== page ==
The New York State Department of Financial Services has fined Robinhood’s crypto trading unit $30 million for alleged infringements of anti-money-laundering and cybersecurity regulations.
Per a WSJ report, NYDFS said Robinhood’s Bank Secrecy Act and anti-money-laundering compliance program was “insufficiently staffed” and “failed to transition in a timely manner” from a manual transaction monitoring system that was appropriate for the company’s size, transaction volumes, and customer profiles.
Alongside, Robinhood’s cybersecurity program also failed to address the company’s operational risks, and its policies weren’t in accordance with the regulator’s cybersecurity and virtual currency regulations, per NYDFS. Robinhood allegedly also did to comply with certain consumer-protection requirements by not having a dedicated phone number on its website to receive consumer complaints.
Revealing the crux of the consent order, WSJ noted,
“As part of the consent order, Robinhood also will be required to retain an independent consultant to evaluate its compliance with NYDFS’s regulations and its remediation efforts.”
WSJ’s report also revealed that the regulatory body discovered significant failures via a “supervisory exam” and through a subsequent “enforcement investigation” of the online brokerage firm. The failures have allegedly been a result of the company management’s oversight of its compliance programs.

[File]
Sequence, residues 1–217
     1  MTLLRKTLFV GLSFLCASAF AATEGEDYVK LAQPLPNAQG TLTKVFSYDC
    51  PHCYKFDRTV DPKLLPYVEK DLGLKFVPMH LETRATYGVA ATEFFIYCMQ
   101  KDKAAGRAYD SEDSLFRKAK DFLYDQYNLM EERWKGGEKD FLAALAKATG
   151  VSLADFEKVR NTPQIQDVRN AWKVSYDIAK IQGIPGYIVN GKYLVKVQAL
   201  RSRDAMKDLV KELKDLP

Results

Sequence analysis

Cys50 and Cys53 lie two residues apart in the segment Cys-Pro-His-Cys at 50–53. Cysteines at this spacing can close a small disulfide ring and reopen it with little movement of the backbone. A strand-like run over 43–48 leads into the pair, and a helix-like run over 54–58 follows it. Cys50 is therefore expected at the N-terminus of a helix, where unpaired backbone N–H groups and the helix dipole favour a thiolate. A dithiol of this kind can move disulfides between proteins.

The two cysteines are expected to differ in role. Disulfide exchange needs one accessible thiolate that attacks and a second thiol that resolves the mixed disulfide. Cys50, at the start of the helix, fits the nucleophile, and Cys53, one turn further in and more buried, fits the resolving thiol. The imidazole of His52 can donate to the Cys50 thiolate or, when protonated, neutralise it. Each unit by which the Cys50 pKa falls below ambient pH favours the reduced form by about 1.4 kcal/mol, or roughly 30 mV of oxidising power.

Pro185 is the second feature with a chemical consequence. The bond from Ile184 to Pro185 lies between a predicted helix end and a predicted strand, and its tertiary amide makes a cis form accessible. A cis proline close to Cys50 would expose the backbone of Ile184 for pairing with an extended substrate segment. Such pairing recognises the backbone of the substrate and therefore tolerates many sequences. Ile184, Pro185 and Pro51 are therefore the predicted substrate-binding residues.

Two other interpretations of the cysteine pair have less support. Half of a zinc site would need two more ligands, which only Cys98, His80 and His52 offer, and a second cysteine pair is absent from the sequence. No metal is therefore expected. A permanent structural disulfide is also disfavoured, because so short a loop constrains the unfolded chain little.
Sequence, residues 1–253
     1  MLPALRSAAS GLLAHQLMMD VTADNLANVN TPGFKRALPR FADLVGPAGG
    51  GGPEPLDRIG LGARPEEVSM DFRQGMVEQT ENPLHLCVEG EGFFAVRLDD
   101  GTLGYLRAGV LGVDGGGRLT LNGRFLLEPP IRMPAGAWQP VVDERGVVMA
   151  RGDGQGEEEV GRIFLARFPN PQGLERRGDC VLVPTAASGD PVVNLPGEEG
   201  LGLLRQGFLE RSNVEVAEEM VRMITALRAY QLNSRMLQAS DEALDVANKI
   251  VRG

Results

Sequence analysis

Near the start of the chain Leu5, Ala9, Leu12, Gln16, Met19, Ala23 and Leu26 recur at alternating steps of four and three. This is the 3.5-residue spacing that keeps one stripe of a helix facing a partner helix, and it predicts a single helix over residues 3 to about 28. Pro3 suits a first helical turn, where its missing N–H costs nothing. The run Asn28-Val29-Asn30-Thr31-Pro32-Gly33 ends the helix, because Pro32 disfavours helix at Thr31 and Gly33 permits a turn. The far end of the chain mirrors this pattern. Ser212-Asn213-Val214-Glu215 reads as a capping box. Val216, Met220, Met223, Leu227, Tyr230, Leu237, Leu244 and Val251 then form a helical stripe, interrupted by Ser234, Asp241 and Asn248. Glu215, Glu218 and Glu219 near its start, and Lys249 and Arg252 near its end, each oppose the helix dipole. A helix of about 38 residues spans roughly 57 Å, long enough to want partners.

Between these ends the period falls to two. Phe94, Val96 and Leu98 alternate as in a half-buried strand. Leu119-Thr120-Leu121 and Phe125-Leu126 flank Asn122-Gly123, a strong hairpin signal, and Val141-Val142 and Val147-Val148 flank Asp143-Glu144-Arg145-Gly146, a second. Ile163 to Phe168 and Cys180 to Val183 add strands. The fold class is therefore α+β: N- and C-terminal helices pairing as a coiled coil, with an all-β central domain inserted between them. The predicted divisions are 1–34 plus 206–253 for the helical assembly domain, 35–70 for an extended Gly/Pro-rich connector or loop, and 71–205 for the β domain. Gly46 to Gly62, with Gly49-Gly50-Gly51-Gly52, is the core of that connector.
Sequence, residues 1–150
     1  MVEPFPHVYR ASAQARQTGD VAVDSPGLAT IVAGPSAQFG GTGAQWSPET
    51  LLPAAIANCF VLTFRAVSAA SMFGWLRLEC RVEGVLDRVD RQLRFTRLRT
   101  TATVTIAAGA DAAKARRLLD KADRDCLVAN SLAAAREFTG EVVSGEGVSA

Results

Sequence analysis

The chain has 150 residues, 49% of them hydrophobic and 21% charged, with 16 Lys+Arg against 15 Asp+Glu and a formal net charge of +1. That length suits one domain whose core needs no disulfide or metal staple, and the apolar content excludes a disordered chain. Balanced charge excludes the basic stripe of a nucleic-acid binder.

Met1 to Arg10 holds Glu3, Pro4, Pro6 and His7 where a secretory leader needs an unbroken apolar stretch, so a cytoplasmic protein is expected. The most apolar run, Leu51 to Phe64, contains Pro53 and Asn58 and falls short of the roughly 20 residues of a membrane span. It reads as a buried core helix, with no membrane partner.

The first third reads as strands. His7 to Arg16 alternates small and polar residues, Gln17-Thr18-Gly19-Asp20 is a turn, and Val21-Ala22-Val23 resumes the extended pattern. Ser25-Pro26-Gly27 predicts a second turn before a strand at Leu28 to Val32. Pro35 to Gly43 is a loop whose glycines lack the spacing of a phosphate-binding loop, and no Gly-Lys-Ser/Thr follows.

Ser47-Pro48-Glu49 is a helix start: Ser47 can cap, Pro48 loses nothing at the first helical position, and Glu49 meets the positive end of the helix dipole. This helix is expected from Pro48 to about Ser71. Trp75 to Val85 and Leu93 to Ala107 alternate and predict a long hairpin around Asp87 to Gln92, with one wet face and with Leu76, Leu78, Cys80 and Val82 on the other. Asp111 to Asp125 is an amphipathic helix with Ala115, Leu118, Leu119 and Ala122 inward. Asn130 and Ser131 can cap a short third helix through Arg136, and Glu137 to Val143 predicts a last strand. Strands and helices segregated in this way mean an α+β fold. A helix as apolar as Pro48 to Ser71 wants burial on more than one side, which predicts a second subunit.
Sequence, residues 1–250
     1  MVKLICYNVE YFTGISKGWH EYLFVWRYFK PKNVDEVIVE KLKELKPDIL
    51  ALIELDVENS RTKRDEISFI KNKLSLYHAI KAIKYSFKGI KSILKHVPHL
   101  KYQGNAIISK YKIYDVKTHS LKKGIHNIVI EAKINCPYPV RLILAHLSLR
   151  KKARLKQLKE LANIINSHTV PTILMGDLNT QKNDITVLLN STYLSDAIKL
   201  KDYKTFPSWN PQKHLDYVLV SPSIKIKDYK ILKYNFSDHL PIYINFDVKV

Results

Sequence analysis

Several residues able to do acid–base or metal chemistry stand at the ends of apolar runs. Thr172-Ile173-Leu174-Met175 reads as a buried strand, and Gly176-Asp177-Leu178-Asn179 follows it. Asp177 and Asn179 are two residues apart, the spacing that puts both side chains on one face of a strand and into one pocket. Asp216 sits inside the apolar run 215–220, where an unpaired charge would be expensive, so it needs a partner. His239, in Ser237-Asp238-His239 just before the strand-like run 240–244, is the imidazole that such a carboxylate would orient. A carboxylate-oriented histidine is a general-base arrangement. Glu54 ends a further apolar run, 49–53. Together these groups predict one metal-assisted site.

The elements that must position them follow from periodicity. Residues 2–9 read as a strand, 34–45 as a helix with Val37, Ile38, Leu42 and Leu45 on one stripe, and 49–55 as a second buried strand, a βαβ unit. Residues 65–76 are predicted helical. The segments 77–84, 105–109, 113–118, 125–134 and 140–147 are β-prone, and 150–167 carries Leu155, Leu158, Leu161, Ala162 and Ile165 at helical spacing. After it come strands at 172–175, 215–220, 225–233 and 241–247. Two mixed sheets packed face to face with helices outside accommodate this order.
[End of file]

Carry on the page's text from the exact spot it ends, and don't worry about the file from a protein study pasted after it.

By imposing this fine, the regulator has taken its first crypto-related enforcement action. This, notably, comes at a time when its new superintendent, Adrienne A. Harris, looks to provide more guidance for the crypto industry. Alongside, she also intends to expand the regulator’s virtual currency team.
Not a surprise: Robinhood knew that this was coming
Well, even though the order has just been passed, it is worth recalling that Robinhood was already expecting this turnaround. Last July, the company’s S-1 filings brought to light that the brokerage’s crypto division is under the bus for the same reasons.
Well, this is not the first time Robinhood has been non-compliant with regulations. In December 2020, the company paid the SEC $65 million payment to settle allegations that it had misled customers. And in June last year, the brokerage firm was fined $70 million by the Financial Industry Regulatory Authority for failing to protect customers.